Attic Black-Figure Lekythos. This file is in the public domain because it has been released by the Los Angeles County Museum of Art www.lacma.org. This image was found here: File:Attic Black-Figure Lekythos with (Body) Dionysos between Maenads and Satyrs and (Shoulder) a Seated Man between Women and Men LACMA 50.9.43.jpg - Wikimedia Commons


"And the Gods, pitying the toils which our race is born to undergo, have appointed holy festivals, wherein men alternate rest with labour; and have given them the Muses and Apollo, the leader of the Muses, and Dionysus, to be companions in their revels, that they may improve their education by taking part in the festivals of the Gods, and with their help." (Νόμοι Πλάτωνος Book II 653 c-d, trans. Benjamin Jowett, 1892.)


The word festival in ancient Greek is æortí (eortê, ἑορτή; plural is ἑορταί). The word is inclusive of any kind of festivity, but we are using it in its religious sense. There is another word which also means festival, which is iæreia (iereia, ἱερεία), which can also mean an animal sacrifice, as was performed in antiquity, but is inappropriate in modern times. In Ællinismόs (Hellenismos, Ἑλληνισμός), the ancient Greek religion, the æortí is a special kind of holiday in which we celebrate something connected with a deity, such as their birthday. Sometimes the festivals celebrate a special time in the year, such as the solstices and equinoxes. The festivals always incorporate ritual, but they also involve a joyous celebration which may include a great meal and, hopefully, the participation of friends who love the Gods. There are numerous festivals throughout the year, such that in ancient times, it is believed that in Athens, as one example, most people only worked two-thirds of the year, the other third dedicated to the worship of the Gods.

The Hellenic religious day begins at sun-down. Therefore, it is appropriate to celebrate a holiday any time after sundown, the night before the date of the festival, until dusk the following day.

Adóhnia - Celebrated in spring, around the time of the Christian holiday of Easter (which actually "conceals" the ancient festival) is the Adóhnia (Adonia, Ἀδώνια), a festival of Ádohnis (Adonis, Ἄδωνις), Aphrodíti (Aphrodite, Ἀφροδίτη), and Pærsæphóni (Persephone, Περσεφόνη).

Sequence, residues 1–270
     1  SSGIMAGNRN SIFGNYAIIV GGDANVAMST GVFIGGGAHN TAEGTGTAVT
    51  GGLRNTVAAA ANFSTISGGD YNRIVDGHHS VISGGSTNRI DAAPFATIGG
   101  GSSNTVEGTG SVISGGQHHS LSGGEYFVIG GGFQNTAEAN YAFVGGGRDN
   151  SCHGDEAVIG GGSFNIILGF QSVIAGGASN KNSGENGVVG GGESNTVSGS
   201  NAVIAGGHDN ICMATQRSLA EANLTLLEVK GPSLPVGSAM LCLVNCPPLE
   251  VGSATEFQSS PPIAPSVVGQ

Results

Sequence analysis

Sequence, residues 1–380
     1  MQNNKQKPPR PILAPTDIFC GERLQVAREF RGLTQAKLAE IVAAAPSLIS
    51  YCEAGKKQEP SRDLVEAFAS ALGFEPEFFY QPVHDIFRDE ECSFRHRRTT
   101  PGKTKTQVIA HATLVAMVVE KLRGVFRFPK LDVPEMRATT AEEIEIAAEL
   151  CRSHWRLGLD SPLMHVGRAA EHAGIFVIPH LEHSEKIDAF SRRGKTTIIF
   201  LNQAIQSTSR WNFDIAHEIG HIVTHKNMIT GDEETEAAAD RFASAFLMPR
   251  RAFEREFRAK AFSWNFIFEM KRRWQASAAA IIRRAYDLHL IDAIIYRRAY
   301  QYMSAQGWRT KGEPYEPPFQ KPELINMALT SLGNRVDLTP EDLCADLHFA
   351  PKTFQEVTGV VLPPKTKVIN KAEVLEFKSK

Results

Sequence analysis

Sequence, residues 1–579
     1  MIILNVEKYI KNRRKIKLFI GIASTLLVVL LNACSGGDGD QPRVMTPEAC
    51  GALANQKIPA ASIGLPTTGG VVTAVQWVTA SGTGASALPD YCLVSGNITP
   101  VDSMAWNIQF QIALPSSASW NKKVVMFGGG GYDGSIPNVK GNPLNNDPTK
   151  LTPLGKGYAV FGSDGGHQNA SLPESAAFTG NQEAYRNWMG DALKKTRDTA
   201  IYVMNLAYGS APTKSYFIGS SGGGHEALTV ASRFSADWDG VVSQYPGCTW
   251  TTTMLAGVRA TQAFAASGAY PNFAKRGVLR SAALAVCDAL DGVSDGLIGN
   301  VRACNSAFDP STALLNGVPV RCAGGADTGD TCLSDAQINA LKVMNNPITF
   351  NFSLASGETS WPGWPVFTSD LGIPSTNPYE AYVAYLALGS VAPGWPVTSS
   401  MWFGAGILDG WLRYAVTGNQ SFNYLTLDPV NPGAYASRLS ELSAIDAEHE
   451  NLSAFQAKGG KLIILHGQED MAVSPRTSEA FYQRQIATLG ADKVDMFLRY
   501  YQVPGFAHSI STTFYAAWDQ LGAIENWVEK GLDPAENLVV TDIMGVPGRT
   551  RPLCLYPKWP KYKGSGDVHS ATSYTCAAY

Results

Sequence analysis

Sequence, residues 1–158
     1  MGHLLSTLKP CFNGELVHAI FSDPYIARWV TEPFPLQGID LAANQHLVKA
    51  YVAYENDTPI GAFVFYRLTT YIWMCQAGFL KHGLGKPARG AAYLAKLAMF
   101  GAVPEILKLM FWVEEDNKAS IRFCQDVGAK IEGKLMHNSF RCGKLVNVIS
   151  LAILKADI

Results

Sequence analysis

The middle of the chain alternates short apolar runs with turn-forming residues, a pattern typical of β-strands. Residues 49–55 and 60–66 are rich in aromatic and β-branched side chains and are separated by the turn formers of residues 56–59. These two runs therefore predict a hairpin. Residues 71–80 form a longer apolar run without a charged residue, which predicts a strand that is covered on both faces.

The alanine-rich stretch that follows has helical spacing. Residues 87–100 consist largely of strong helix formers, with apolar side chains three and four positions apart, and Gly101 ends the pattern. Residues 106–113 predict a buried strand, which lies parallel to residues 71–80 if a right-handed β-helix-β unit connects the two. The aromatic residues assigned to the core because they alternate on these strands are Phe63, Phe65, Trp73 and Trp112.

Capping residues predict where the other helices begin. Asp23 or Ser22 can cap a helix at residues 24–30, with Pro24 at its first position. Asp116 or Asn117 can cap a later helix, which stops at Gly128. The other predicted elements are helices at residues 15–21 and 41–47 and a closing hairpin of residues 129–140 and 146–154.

Ælaphivólia - a festival of Ártæmis (Artemis, Ἄρτεμις).

Æpivatírion of Ártæmis – This is the birthday of Ártæmis (Artemis, Ἄρτεμις) and it is celebrated on May 20, the day before Tharyília.

Amphidrómia - (Ἀμφιδρόμια. Etym. ἀμφί "both sides" + δρόμος "walkway. Also called Δρομιάφιον.) The Amphidrómia is the naming festival when a child is first presented to friends and family. It can also be performed when an adult is given a Hellenic name in Ællinismόs (Hellenismos, Ἑλληνισμός) and accepted into the religion and the community.

Anthæstíria is a sacred three-day festival of Diόnysos (Dionysus, Διόνυσος) held, roughly, mid-February.

Arotreia – See Iærǽs Ároti.

Dikhominía - On the Dikhominía (Dichomenia, Διχομηνία), the Full Moon, the Gates of Divinity are open, which means that the divine realm is particularly accessible on these days and in itself is reason enough for ritual. In addition, if a festival occurs near the Dikhominía, it is appropriate to move the ritual to this day.

Elaphebolia - See Ælaphivólia.

Iærǽs Ároti - (The Sacred Ploughings or Hieres Arotoi, Ἱερές Ἄροτοι) The Sacred Ploughings are three mystic festivals of Athiná (Athêna, Ἀθηνᾶ) celebrated in autumn, spring, and summer concerning both literal tillage but more significantly the cultivation of the soul.